Hello writer friends! I survived Christmas and if you're reading this, you did, too! Hooray!
I love Christmas, but it does seem to get more stressful every year. I hosted two Christmas meals for different sides of the family this year, and I found myself running around on Christmas Eve trying to find some silken tofu to make a chocolate tofu pie for my cousin who can't eat dairy... I didn't realize how early the stores were closing (has Walmart always closed at 7:45 on Christmas Eve?). My tofu search was unsuccessful, but luckily everything else turned out well.
This is what my husband got for the kids:
He's an Irish Setter. Since my husband and I both have a lot of Irish blood, we named him Murphy, a fine upstanding Irish name. We also both love the Dropkick Murphys, so his name is a double ode to Ireland.
Michael Di Gesu for my Be Jolly By Golly blog post. Thanks, Michael! Since I love Christmas, in the spirit of the season I am passing this along to all my followers who participated in the Be Jolly By Golly blogfest! Heck, even if you didn’t, but posted something awesome about Christmas and think it rocks, then I award it to you. I really loved reading everyone’s awesome holiday posts.
Also, thank you so much to everyone who commented on my Heifer post! On Thursday when I get paid, I will be making a donation of $1 for each comment I received on the post, and combined with my usual annual gift, I am going to purchase a Promise Gift Basket. This gift basket provides chickens, ducks, geese and rabbits to people in developing countries, and Heifer teaches them to use the animals to build a sustainable business. I was so excited to discover that Nate Bransford and other writers are involved with this organization that I am so passionate about! It was a great idea to do a comment charity fundraiser, and I think I will definitely make it an annual tradition!
On to writery topics, today I reviewed the Writer's Digest Top 10 writing articles of 2010. Two things from two different articles really popped out at me, so I thought I'd share. The first tip was from an article by Steven Goldsberry, an author. He said not to save the best for last - always start with your best. This seems really simple - a lot of you may be going, "well, duh." But this is actually one of the mistakes I addressed in my most recent rewrite. My best parts didn't occur until later in the book. Steven said the better you do at the beginning, the better you continue to do. So, it's not like you should write your best and then the rest can suck. But basically, start with amazing and the fire will continue to grow.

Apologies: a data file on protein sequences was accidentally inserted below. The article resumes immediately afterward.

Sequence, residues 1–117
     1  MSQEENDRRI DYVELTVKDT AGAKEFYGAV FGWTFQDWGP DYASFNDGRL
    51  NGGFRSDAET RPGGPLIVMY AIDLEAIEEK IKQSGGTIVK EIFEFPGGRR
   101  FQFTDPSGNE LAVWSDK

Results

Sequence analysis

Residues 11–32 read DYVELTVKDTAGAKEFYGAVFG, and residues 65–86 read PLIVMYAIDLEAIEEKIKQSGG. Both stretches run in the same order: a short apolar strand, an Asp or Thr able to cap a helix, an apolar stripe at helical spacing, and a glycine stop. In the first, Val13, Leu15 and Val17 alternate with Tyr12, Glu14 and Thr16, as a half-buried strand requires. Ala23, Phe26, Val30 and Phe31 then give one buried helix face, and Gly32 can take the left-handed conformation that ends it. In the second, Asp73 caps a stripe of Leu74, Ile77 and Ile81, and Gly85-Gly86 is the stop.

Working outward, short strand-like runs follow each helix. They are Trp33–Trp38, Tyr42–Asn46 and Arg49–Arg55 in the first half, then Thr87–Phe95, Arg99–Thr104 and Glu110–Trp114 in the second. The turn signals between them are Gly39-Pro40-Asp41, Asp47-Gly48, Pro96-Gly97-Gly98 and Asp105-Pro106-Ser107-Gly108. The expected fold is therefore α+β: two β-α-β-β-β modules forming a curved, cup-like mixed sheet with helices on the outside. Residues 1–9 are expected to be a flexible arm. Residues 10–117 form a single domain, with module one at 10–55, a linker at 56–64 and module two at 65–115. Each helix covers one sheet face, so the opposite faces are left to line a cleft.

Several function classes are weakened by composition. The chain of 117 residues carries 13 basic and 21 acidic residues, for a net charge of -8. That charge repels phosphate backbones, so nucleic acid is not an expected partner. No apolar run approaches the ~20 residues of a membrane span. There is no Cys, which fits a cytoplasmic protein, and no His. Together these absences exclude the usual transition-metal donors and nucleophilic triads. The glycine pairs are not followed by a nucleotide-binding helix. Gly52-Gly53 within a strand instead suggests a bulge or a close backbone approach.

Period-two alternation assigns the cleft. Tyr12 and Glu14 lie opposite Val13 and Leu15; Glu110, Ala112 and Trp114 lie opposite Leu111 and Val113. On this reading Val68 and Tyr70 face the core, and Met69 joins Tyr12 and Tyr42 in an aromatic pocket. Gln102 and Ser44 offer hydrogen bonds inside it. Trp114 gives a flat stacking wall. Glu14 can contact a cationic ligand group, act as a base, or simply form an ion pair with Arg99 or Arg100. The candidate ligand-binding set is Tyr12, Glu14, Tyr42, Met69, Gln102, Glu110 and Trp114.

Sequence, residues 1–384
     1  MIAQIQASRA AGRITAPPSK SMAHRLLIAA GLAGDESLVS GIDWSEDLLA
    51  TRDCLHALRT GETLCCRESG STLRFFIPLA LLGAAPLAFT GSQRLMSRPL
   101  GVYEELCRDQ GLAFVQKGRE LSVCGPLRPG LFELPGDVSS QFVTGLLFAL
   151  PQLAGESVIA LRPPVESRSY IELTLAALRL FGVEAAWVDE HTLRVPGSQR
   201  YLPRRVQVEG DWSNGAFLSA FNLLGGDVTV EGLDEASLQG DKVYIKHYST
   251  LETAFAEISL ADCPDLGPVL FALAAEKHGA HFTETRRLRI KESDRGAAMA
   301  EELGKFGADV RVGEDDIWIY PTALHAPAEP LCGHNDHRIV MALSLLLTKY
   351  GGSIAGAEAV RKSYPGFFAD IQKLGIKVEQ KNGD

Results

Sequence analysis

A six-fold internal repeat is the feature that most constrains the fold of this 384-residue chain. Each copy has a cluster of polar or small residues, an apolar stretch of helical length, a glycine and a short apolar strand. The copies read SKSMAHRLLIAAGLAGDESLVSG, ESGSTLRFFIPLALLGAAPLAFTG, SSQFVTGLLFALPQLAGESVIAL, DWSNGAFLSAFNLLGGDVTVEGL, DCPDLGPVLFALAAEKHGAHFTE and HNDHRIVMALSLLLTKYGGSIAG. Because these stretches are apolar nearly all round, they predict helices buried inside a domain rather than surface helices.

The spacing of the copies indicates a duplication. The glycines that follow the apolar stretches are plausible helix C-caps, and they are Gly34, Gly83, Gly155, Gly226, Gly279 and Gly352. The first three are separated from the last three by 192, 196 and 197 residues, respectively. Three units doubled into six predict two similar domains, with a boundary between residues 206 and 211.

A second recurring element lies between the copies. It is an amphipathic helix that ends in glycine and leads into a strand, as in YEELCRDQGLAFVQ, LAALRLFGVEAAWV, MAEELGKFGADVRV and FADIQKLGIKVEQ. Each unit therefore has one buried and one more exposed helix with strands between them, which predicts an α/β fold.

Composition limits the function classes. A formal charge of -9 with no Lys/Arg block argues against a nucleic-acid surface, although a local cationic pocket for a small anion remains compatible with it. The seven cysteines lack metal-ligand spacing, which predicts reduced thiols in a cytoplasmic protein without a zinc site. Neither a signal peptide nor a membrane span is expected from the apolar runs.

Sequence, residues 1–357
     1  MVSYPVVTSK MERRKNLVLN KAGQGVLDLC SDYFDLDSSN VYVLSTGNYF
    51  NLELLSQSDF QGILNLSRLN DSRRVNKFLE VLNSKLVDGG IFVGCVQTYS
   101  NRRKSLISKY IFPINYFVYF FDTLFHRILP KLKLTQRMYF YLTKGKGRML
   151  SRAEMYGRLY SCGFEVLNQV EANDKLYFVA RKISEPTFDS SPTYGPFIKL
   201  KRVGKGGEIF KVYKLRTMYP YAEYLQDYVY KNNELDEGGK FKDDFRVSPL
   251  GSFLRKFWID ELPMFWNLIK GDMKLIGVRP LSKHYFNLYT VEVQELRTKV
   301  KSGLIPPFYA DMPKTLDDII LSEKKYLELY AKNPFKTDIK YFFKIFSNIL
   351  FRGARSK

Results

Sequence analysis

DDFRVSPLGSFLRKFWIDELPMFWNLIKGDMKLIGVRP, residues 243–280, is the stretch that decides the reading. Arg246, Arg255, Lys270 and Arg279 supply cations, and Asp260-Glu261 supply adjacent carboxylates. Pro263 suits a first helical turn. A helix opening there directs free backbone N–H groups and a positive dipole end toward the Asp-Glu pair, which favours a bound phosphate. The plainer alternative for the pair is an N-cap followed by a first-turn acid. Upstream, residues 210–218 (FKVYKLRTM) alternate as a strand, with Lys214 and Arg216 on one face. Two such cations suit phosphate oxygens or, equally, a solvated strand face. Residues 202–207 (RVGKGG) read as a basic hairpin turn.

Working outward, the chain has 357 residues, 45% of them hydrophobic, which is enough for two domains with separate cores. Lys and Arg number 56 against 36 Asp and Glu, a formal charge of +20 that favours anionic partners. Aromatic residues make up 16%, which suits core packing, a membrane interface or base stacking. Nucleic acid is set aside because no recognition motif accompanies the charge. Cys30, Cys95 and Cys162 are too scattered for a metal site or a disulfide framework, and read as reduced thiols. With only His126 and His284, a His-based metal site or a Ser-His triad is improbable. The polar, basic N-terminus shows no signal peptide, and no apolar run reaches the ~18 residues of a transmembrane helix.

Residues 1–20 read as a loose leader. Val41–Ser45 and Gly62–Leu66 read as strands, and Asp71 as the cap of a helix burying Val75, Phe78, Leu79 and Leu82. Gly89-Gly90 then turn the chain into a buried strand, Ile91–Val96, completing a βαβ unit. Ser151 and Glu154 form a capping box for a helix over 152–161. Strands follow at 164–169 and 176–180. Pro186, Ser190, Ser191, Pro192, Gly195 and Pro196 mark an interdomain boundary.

The other piece of advice was actually extremely relevant to me, right now, today. Because today I have been polishing up my novel, trying to add back in some word count after I axed twenty pages off my ending. Robert Lee Brewer, the editor of the Writer's Digest newsletters, said that writers often worry about the wrong details, like word count. He said that while some parameters apply, trying to pad to get to a certain number is often unnecessary. If a manuscript is perfect, don't pad just to get a higher number. Not that mine is perfect :~) but I realized I was trying to reach an arbitrary number when the story is complete as it is.
What great writing advice did you receive in 2010? Any exciting epiphanies or breakthroughs to share? I'd love to hear them. For my next post on New Year's Eve, I'll share my Top 10 writing experiences of 2010. TTFN!